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The Sports Desk – A First Look At FIFA 17

by Matthew Kato on Jun 06, 2016 at 10:00 AM

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With today's official confirmation that FIFA 17 will use DICE's Frostbite engine and the game's first trailer, my mind naturally wanders to what could be.

Full disclosure: I'm not a huge tech guy, so I can't say I'm intimately familiar with the ins and outs of what the engine can do, but if we look at how EA has used the engine in the past, perhaps we can get a glimpse of what's to come in the future.


The new trailer shows a brief glimpse of a manager pacing the sidelines in what appears to be a Borussia Dortmund v. Manchester United match. While I can't say with any confidence that it looks like the back of Thomas Tuchel or José Mourinho's head, respectively, it would be cool if managers were integrated in the cinematic and real-time aspects of the game.

In the past, DICE has talked about the Frostbite engine and photogrammetry to help make Star Wars: Battlefront as good as it does, and perhaps that could be used to make managers or players look more like they do in real life.


With the rise of FIFA Ultimate Team and the game as an eSports title, adding a spectator mode – a staple of Battlefield and many competitive shooters – would be a welcome addition that the FIFA community has been asking for.


Lighting is something we always hear about from developers, and it may sound boring, but it's no small thing. While some of the more overt uses of lighting in video games often involves effects like lens flare or dramatic moments during a cutscene, it's very important to the moment-to-moment action. The right lighting can make the action on the pitch look just like it does in real life or on TV. Getting those details right like how a stadium looks at dusk, the shadows cast by the stadium, and of course, how the players look while playing are important. Lighting is something DICE has talked about for many of titles, including for Mirror's Edge: Catalyst.


Frostbite debuted with an EA Sports title last year in Rory McIlroy PGA Tour, and at the time the touted advantages included using the engine to eliminate load times between holes on a course, and make it so that the holes themselves were larger with fewer boundary areas.

In terms of FIFA 17, it's hard to see how this translates. Could we see errant strikes fire off into the crowd and bounce back down to the pitch? Players jump behind the advertising and into the crowd to celebrate after a goal? Maybe it could affect how the crowds themselves are represented and behave. Interestingly, crowds coming to life was one of the things that the last EA Sports engine – Ignite – was supposed to be good at.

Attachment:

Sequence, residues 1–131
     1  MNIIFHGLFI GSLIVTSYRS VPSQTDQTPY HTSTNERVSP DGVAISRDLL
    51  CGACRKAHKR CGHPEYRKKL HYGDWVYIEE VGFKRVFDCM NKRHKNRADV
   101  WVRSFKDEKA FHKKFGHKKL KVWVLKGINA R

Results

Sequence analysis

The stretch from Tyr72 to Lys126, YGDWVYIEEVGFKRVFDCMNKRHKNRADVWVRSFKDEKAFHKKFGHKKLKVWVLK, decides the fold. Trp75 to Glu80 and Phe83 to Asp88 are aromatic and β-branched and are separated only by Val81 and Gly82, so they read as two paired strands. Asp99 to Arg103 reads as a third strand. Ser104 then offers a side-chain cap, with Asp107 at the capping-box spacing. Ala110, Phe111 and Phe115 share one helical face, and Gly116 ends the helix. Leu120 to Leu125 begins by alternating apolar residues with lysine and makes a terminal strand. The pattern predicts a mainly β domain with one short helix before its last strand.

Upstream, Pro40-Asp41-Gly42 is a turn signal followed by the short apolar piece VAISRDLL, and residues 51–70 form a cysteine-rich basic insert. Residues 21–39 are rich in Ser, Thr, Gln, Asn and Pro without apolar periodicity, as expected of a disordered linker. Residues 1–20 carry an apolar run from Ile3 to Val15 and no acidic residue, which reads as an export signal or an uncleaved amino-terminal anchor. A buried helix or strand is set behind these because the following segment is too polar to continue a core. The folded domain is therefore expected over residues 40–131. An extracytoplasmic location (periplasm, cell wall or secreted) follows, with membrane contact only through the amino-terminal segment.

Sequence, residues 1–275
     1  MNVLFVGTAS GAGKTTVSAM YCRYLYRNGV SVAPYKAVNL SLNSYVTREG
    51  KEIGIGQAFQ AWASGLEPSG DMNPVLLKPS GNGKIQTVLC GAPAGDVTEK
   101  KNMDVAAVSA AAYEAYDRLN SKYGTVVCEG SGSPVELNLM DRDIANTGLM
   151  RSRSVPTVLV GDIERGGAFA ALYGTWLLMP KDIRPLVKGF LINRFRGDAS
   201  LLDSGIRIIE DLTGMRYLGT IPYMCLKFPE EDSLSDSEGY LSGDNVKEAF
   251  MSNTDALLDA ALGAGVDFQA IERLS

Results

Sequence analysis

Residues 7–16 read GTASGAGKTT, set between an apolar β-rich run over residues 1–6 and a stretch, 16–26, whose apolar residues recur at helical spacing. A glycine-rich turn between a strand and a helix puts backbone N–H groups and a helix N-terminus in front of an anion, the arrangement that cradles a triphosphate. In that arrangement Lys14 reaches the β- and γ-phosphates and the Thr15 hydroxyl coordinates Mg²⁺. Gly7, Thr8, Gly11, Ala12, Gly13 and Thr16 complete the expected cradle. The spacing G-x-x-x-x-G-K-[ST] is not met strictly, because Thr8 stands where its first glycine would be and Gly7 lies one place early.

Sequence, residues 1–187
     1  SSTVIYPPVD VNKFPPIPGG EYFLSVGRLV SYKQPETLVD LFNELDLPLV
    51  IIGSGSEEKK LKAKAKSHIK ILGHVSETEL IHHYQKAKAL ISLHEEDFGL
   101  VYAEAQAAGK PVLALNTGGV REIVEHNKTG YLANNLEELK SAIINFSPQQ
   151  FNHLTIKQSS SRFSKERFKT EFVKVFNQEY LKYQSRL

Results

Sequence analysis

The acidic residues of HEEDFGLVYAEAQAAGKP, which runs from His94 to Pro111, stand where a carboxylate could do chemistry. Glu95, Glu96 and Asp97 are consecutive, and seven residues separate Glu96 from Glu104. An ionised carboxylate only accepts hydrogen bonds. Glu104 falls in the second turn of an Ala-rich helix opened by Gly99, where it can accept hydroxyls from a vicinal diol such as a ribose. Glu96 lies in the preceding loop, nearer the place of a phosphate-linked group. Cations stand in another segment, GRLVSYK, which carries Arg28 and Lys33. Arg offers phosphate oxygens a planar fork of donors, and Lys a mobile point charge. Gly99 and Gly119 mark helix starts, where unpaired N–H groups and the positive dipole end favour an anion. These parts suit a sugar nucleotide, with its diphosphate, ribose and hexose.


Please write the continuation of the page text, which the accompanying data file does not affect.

Ignite might not have been with us for long, but it has improved the company's sports games. Ignite's ANT animation engine has helped Madden achieve better gang tackles and tackle animations after years of slow iteration. How will Frostbite preserve these gains? While Frostbite is seen as a powerful engine, no sports fan wants to lose feature sets or take a step back while EA switches over to Frostbite. Hopefully the progress the teams have worked for with Ignite can be transferred over to Frostbite seamlessly.


BioWare switched over to Frostbite for Dragon Age: Inquisition, which is obviously a vastly different beast than a Frostbite-powered Battlefield shooter. Sports titles are also their own thing, and the teams at EA Canada and EA Tiburon (according to our sources, the other sports titles will move to Frostbite as well) will have to work with the engine to make sure it provides a stable foundation for the sports-related add-ons that will surely be layered on top.

The Frostbite blog of Dragon Age: Inquisition technical director Jacques Lebrun acknowledges the specific needs of non-shooter Frostbite titles such as his, and through a lot of hard work, he believes that in that game's case the engine was up to the task.

Specifically in relation to FIFA 17, could we see the franchise use Inquisition's conversation system? The only way this would make sense with the title is if players and managers interacted in a sort of RPG-esque mode. The NBA 2K series does it, and we'd love to see it come to FIFA so you could express how unsettled you are sitting on the bench.


As I mentioned above, getting Frostbite to cater to the specific needs of a sports game is seemingly not going to be easy. The two areas I'd like to see positively impacted are A.I. and animations.

Player A.I. for everyone on the pitch simultaneously in real-time is a huge element that makes teams and players behave like the should and like you expect. This ranges from teams playing in the styles they do in real life and individuals reacting like they should. We've had preset tactics for years, but it doesn't really feel like you're ever playing a team and players with their own identity. Given how tactics are a big part of the real-life game, it's something that needs to be more apparent in the video game.

Animations are at the heart of FIFA and EA Sports' games. The hard part is mixing those animations with other players and keeping up with gamers' inputs on the controller. How many times have in a game have we seen Player A win the ball from Player B just because the computer has already determined that Player A should do so and run the animation even though Player B is closer to it? These are the kinds of situations that I hope Frostbite can fix while still maintaining the fluidity and realism of the animations themselves.

What are your thoughts on FIFA 17 and the Frostbite engine? Put them in the comments section below.

Be sure to come back next week when we'll have fresh coverage of some of EA Sports' games at the EA Play E3 event.

For more from the Sports Desk, check out last week's entry.


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